One by one, each person received the mark. Some cried out and pleaded to be spared; others received it silently, though it must have been painful. When my turn came, I bit my lip and fought back tears; Raheed let out a yell. Afterwards we were taken back home, but our small house had been destroyed in our absence.

Next day, mother went to market to buy food, but no one would serve her. Father went to the fields to work, but he was turned away. Children laughed at me and Raheed and threw stones at us in the streets. We had to leave our village and look for a new home.

We spent that day and the next going from village to village, looking for food, water, shelter. But in each place we were sent away.

We thought the next village was abandoned. But a voice called out, “Brothers, welcome.” A tall skinny man stepped out of the shadowy doorway into the sunshine. I gasped as I saw the brand on his forehead. Gradually people emerged from every house, each with the same letter marked on his forehead.

We made our home in an empty house and ate our first proper meal for three days. The people were so friendly; soon we felt part of the community. Everyone in the village worked together and shared what they produced. It became a much happier place than our old village.

I wondered what the man who branded us for being blasphemers would think if he discovered that, instead of ending our lives, the mark had helped to give us a new life that was better than the old one.

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Raison d’être challenge – 12th January 2017 – Topic: Fresh start – 2nd Place

The room gradually filled with a hubbub of conversation, old ties being renewed and new connections made. A couple of hundred representatives of charitable organisations had gathered at parliament to celebrate achievements and receive inspiration for the coming year. I met people I’d never normally encounter: the information technologist for a small medical charity, the CEO of an overseas aid organisation and a tax accountant working mainly with religious groups. Each talked of mundane matters yet with passionate ambition to grow the mission of their organisations.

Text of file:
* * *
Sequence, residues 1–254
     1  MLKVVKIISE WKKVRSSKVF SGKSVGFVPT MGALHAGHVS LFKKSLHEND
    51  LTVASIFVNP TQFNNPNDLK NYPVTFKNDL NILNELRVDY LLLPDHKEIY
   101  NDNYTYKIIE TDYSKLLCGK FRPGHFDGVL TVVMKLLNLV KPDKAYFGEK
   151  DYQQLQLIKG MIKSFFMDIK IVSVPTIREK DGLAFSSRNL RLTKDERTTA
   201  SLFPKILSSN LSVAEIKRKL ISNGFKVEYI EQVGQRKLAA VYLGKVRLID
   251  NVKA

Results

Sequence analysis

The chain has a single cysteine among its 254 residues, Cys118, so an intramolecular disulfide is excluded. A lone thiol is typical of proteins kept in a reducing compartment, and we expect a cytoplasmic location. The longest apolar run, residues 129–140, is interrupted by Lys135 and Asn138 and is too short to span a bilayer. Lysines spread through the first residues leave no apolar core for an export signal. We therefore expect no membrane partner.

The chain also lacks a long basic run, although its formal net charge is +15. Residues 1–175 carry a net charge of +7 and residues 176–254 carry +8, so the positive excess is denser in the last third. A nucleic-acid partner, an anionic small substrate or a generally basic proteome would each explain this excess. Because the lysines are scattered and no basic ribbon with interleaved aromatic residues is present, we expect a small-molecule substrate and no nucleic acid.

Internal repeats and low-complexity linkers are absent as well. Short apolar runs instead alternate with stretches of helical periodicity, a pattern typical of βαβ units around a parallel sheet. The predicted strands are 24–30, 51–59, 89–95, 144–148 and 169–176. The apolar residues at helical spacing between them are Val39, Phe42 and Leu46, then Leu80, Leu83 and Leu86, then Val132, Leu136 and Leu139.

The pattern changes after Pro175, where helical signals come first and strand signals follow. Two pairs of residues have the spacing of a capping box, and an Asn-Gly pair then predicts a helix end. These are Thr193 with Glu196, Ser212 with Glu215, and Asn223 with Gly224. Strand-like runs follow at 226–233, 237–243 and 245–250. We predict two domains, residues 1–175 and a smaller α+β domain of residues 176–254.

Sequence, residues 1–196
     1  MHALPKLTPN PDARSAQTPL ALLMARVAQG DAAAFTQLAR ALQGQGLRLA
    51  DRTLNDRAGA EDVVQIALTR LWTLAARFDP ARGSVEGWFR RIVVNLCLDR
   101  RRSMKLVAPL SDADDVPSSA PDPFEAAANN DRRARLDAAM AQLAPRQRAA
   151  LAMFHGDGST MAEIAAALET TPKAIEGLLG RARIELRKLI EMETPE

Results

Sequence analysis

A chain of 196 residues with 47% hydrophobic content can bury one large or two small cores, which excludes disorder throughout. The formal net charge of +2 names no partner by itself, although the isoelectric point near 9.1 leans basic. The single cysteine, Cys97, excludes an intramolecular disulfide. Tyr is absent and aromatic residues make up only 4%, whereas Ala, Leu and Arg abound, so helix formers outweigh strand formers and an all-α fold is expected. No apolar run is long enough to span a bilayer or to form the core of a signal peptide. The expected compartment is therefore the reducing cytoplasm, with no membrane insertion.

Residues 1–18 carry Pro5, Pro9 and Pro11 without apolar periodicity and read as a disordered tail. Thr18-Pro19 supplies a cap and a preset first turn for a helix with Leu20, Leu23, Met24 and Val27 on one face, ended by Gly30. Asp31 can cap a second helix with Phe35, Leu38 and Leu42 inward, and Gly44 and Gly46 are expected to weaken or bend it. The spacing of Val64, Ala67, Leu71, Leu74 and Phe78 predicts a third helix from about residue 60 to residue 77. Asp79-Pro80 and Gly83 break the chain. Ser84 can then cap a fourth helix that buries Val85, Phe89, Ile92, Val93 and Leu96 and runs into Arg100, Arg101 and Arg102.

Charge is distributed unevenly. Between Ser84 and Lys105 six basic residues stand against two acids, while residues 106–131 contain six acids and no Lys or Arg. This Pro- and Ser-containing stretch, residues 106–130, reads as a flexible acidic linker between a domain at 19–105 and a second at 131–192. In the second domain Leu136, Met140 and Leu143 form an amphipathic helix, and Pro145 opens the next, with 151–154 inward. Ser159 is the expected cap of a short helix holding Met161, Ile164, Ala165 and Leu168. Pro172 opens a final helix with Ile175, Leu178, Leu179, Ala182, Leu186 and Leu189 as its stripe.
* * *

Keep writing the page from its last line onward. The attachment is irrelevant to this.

We were called to order by the host politician, who spoke warmly and briefly of the positive impact of charities on his community, before giving way to the main speakers.

We sipped fruit juice and nibbled tiny snacks as the chief executive of the national umbrella body for voluntary organisations spoke enthusiastically of the strong public support of charitable bodies within the country and warned of the need for fresh thinking as the purse strings were ever more firmly tightened. We listened politely but with little surprise to a message that simply echoed our own experiences.

As the next speaker began to describe the horrors with which her charity contended, the room fell silent. The litany of abuse directed at women from ethnic minority groups, and the numbers involved shocked everyone present. The level of support to help women rebuild their lives, offered in upwards of 14 national languages and dialects, conducted in secret to protect the women from their families and communities by workers who were themselves threatened drew some tears and warm sustained applause.

But the best reception was for the last speaker, a nervous young man in his twenties. Unused to public speaking, he talked simply and plainly about a life of family tragedy, abuse, addictions, lost education and time in prison. Yet he stood before us, a representative of the hundreds assisted by a charity who had now offered him a job helping others overcome the same obstacles. His testimony of transformation was greeted with hooting, hollering and rousing applause.

For this is why we wrestle with funding issues, struggle to develop passionate, well-equipped teams, and work long hours in unforgiving or risky circumstances: to walk alongside tired, frightened, weary people who have lost hope, until they are ready to make a fresh start. It’s why we do what we do, and we love it.

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Dream cruise?

Faithwriters Challenge entry 15 December 2016 – Intermediate – Topic: Daydream (15/12/16) 

I decided to drink my diet cola in the sunshine, so I settled on a bench facing the river. As I sipped my drink, I heard voices approaching from behind, one Cockney, the other from Essex. Their conversation stopped while they arranged themselves at the picnic table behind me.

“So go on,” said the Essex voice.

“So he said to me, ‘I don’t hire daydreamers in my company.’ Then he pointed at me with his left forefinger and said, ‘Darren, you’re fired!’”

“That’s a bit harsh isn’t it? Surely everyone daydreams now and then?”

A bit quieter, “It wasn’t the first time.”

“How often then?”

A pause while we all sipped our drinks in unison. “Every day, around 10 am. That’s when Sophie starts her training. I picture her firm body in that close-fitting swimsuit, poised on the block. A few seconds’ of deep breathing, and she pushes off, slicing into the water like a Gannet with hardly a ripple. Then up and down the pool, shoulder muscles rippling as her arms pull her body through the water.”

Essex boy whistled. “Wow, what a picture. I can see why you dream about her.”